What is clear is that when she had been widowed Anna made a choice to remain single and dedicate herself to a lifestyle where by prayer and fasting she could intercede for the salvation of God’s people (Luke 2:38).
She was constantly looking to God to set things right.
Paul lifts up this vision of widowhood in 1 Timothy 5:5; “She who is truly a widow, left all alone, has set her hope on God and continues in supplications and prayers night and day”.
This is spiritually potent stuff; but why is such a simple lifestyle of godliness so rare today?
Why is it that so many Christian women are too busy watching TV, going on cruises, going out to coffee, eating with friends.
No wonder our country is in a mess.
Many are concerned about the future of their grandchildren, but unless there’s a revival in prayer the future of your great-grandchildren will be hellish (I can’t’ think of a better word).
I think the most remarkable thing about Anna wasn’t her wonderful prayer life but that once she saw Jesus no one could keep her quiet about him, “And coming up at that very hour she began to give thanks to God and spoke about the child to all who were looking forward to the redemption of Jerusalem.” (Luke 2:38).
This ancient lady was the first public preacher of the gospel and her message was that in Christ God puts all things right.
Simeon and Anna are the main actors in our story, but the pictures put on the screen today help us reflect on the impact of these old prophets on the teenage Mary and Jesus. Although they both already had angelic visitations and experienced spiritual inspiration about Jesus’ identity, “his father and his mother were amazed at what was said about him.” (Luke 2:33). Any revelation about Jesus is always amazing.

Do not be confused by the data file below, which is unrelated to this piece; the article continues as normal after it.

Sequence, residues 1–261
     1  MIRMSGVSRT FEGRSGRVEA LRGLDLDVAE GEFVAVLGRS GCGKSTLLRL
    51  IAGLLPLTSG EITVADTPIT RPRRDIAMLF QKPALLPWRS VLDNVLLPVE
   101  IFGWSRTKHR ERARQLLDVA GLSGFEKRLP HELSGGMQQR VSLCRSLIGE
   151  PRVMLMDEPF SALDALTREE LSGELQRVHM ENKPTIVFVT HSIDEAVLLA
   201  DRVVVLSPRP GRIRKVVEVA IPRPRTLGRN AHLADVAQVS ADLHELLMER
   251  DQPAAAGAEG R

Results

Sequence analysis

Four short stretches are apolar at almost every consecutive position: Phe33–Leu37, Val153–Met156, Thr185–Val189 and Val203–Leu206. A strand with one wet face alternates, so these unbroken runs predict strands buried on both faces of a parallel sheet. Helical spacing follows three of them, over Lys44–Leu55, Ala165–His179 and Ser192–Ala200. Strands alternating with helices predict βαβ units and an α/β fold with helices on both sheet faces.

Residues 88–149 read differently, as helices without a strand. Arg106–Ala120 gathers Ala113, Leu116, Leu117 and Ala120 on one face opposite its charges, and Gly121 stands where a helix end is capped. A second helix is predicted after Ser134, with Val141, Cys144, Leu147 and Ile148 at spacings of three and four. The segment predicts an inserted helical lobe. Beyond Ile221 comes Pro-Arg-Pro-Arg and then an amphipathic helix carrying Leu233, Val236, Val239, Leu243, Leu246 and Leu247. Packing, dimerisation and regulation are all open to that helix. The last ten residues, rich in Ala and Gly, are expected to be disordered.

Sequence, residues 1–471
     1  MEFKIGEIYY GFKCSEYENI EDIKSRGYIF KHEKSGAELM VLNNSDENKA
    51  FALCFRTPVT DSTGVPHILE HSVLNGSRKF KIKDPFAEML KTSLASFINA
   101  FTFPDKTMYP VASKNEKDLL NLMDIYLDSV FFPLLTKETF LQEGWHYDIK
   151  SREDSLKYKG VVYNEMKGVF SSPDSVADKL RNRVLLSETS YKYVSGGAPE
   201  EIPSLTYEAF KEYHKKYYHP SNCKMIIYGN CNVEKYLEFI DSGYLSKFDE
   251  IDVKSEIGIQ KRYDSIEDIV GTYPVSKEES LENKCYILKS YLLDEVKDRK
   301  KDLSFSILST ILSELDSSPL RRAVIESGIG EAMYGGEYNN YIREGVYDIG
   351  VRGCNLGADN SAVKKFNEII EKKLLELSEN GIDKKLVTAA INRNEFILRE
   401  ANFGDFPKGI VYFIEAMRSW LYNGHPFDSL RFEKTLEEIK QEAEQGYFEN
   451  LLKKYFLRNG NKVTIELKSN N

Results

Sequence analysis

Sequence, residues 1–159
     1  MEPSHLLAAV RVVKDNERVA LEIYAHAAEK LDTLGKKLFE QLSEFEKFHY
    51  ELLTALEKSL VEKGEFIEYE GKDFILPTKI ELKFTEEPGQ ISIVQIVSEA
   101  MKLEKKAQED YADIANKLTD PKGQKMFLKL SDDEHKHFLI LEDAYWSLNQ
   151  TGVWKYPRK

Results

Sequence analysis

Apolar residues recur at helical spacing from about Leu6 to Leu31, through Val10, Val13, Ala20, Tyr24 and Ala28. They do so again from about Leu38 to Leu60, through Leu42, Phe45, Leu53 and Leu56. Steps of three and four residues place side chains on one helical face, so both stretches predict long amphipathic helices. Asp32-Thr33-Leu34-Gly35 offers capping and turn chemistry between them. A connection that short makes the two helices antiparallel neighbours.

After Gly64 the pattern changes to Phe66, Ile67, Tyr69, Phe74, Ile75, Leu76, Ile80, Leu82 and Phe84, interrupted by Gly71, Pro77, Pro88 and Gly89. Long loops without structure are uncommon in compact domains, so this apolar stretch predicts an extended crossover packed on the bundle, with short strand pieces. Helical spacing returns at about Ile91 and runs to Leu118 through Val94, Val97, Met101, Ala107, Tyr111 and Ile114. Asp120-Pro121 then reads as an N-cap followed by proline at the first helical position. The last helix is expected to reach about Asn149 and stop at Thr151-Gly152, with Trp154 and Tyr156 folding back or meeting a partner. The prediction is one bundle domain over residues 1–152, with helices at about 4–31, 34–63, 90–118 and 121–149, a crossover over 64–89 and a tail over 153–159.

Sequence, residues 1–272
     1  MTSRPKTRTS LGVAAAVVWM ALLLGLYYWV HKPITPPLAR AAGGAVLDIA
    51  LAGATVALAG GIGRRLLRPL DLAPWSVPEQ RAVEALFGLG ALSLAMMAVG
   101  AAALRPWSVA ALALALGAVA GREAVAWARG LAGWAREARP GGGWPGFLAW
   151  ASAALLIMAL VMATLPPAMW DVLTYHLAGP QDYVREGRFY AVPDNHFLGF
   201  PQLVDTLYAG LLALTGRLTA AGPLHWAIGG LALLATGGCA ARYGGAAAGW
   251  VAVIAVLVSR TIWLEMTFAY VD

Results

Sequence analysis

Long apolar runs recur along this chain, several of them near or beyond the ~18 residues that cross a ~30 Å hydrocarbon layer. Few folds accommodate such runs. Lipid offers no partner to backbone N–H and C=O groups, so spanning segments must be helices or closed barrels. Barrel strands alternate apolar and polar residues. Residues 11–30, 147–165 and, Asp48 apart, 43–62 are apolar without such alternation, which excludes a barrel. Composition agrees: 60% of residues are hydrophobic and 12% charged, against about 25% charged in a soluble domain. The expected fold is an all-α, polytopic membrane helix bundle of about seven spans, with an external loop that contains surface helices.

The astonishing impact of the ancient Simeon and Anna on the youthful Mary and Joseph is radically counter-cultural to our time. That young people are impacted by the prophetic testimony of Jesus through old people goes against our natural expectations. We all “know” that young people today suffer from the usual arrogance of youth as well as a sense of superiority fuelled by technology.
Our natural wisdom tells us that, but the Spirit of Jesus tells me that he still can operate through senior saints in the prophetic realm in revealing Christ with a heavenly wisdom that will amaze the young.
Sadly, the lifestyle of Simeon and Anna: prayer, fasting, the leading of the Spirit, prophecy, are alien to most Christians today, old or young.
This is because our minds are enslaved to powers that bind our thinking to everyday things day after day (cf. Col 2:8, 20).
Jesus came to redeem us from such powers but this can only happen if we make a decision to walk in his way of sacrifice.
If we would be people of prayer, fasting, prophecy and the Spirit’s power we must re-evaluate what we look forward to; without a serious lifestyle change in the Australian Church 2018 will witness an intensification of pain for God and for our nation.
If you are an older person it’s not right that the things you most look forward to are a comfortable retirement, peace and prosperity, time with grandchildren, holidays etc.
If you are young person it’s not right that you live as if your first call is family or career; your first call is to seek Jesus, whatever it takes.
Old or young, God is calling for mature men and women who will make the difficult choice for a lifestyle of simplicity and prayer dedicated to knowing more about Jesus and making him known to others.
In a few weeks we will commission our new ministry teams, upon which, I believe, the whole future of St Mark’s depends (cf. Acts 13:1-3). If we embrace a mindset which looks forward above all things to seeing the saving power of Christ to set things right our future assured.
MESSAGE DELIVERED: 30th December 2017 | St Mark’s
Author: Dr. John Yates